While I’m empathetic and sympathetic (or at least I’d like to think so!) I don’t do pathetic. I have a low tolerance for sulking and self pity in others and absolutely zero for it in myself. I’ve never found it easy to accept help and nigh on impossible to ask for it but I know this is ridiculous because I have an amazing network of friends and family who would readily give it, if they knew. If I could get over my ridiculous pride and ask.

I’ve always been fiercely independent and single-mindedly determined (although others may use the words pig-headed or stubborn) but I’d never realised how frustrating these characteristics could be for those around me until I started seeing them in my daughter who, at all of 17 months old, is quite frankly, at times, a stubborn little shitter. Heaven fucking forbid I dare help her onto the swing at the park lest she rain down a torrent of independent tantrum upon me. And help her eat a meal so she actually gets more than a quarter of it in her mouth? Well that’s just inviting disaster. I could also offer to help unscrew the lid from the jar that she is deadset on removing with her teeth but that would just be obvious, and clearly stupid. Instead it’s apparently my job to stand by and watch her work herself into a frustrated frenzy at the height of which she may actually allow my distasteful interference, but rest assured it will not be met with an iota gratitude! It drives me batshit and slowly it has dawned on me how my own approach to life may have affected those who have watched me struggle though my own challenges ‘stoically’ shunning the support I could have clearly done with.

As mothers and parents our needs are often shunted to the bottom of the list of priorities, it seems there is always someone else requirements are more urgent, and not just in the physical sense. Far more importantly our emotional needs are often trivialised and neglected, and it’s not until something snaps that it becomes a very real issue.

That’s exactly what happened to me recently. I hadn’t appreciated what a toll all the moving and resettling and trying to establish some semblance of normality was having until I found myself in floods of ugly hiccuping tears much to poor husband’s astonishment. I hadn’t realised how lonely and isolated I was feeling, or how much I missed having friends and the comfortable familiarity they provide. Not just acquaintances I can have polite but reserved conversations with, but real friends, who I can relax and be my foul mouthed self with, who won’t require any explanations and who’ll make me throw my head back and laugh that soulful restorative laughter that makes everything seem easier. I was so focused on trying to be a great Mum (whatever the hell that entails) and supportive wife that in my head that didn’t allow room for whinging and wining (although damn I’d love some of the other sort of wine-ing right now) surely I just needed up bit of the toughen up princess treatment. Except I was wrong. A bit of a boo-hoo was actually exactly what I needed and while an emotional outburst wasn’t an instant cure it was a much needed release and a reminder that I’m not in this alone.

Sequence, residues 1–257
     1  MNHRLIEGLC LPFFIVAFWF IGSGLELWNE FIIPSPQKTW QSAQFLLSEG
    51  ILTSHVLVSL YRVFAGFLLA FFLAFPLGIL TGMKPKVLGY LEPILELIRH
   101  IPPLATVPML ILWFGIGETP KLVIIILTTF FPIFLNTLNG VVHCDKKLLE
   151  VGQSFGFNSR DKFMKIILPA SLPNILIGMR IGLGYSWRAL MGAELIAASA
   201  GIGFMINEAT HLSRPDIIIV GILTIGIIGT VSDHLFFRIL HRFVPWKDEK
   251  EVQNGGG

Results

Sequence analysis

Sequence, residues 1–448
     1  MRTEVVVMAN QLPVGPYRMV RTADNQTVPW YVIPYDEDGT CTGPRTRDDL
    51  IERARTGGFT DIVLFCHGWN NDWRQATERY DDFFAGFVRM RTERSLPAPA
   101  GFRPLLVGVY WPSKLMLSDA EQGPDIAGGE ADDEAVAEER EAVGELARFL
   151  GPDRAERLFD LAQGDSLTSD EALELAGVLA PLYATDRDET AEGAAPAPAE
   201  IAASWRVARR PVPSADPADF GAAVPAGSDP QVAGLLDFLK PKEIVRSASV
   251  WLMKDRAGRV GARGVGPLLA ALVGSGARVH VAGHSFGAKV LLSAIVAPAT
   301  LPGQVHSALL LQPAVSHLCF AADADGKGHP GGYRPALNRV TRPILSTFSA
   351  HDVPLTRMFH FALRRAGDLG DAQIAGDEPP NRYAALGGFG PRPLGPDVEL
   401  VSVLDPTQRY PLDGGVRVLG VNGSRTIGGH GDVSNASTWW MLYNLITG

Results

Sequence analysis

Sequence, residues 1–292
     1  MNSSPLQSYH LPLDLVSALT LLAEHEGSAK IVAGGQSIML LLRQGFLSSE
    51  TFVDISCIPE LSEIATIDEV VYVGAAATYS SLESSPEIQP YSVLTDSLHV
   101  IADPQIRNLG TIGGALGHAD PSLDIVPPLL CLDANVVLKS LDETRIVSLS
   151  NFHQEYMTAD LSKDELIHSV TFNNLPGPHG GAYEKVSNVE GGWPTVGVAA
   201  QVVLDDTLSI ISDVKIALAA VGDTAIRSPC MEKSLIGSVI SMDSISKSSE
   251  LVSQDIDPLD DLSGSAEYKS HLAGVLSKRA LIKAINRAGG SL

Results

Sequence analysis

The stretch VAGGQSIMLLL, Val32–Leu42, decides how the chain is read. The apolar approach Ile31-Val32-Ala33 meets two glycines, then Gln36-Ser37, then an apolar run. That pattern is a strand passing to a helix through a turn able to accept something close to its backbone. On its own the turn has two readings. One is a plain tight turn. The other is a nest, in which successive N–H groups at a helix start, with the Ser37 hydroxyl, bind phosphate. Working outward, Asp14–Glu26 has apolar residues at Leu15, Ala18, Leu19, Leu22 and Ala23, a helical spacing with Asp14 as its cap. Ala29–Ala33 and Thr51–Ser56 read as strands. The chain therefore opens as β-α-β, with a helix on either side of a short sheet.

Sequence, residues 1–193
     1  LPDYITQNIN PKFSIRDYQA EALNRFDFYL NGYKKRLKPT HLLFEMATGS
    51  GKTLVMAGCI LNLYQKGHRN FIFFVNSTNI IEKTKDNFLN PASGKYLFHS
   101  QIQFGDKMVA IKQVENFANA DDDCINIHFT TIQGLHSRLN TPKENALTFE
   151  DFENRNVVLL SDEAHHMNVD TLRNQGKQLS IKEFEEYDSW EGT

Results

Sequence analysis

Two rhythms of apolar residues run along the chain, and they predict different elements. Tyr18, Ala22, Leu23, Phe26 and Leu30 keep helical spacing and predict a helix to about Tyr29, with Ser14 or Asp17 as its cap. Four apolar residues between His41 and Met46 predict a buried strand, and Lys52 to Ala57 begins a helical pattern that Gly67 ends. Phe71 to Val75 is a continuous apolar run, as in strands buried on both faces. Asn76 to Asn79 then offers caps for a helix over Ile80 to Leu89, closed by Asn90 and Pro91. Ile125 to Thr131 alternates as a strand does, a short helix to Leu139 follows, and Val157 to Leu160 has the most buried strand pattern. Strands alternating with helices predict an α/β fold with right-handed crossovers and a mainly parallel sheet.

And that’s something we all need to be reminded of, that we never have to be in it alone. Everything doesn’t always need to be rainbows and fucking lollipops, sometimes it really it a whole lot of shitty thunderstorms and sour lemons but know that you can share, speak out, shout, kick, scream and cry if you need to. It’s totally okay to not be okay sometimes, because with the right love and support, it will be.

There’s a Wanger in My Womb

There’s a Wanger in My Womb


That’s right, a tiny male and his teeny member in my belly, my uterus in fact. In what would probably be my most feminine of all places I am growing some decidedly unfeminine male genitalia. This is a very bizarre and somewhat surreal thought. In my first pregnancy I had moments of feeling a bit strange about the fact I was harbouring another living creature in my body like some sort of alien parasite but the fact that this one also has a penis is bordering on sci-fi territory. I mean, I know I’m obviously not the first woman in the world to grow a doodle attached to a little person but it’s a first time for me (although husband had a smutty and not-to-be-repeated comment to the contrary about having a dick in me)!

Yes, we’re baby sex finder-outers. For years when the idea of having kids was still a one day thing I said I wouldn’t need to know, that I’d be happy with a surprise. But let’s be honest I’m a minor control freak with no patience so if someone is going to stand in front of me offering information I find it very hard to say no. Add to that the fact that husband is a medical man of science who likes hard facts and between us, there was very little chance of getting through nine months without accepting the intelligence available. With the whole alien/ parasite thing going on I like knowing the sex, I feel like it gives me a better connection to the little creature growing inside me. I like to be able to say him or her, not it, and I like to be able to plan more accurately for the next arrival (translation: get sucked into buying cute little things at more than cute little prices).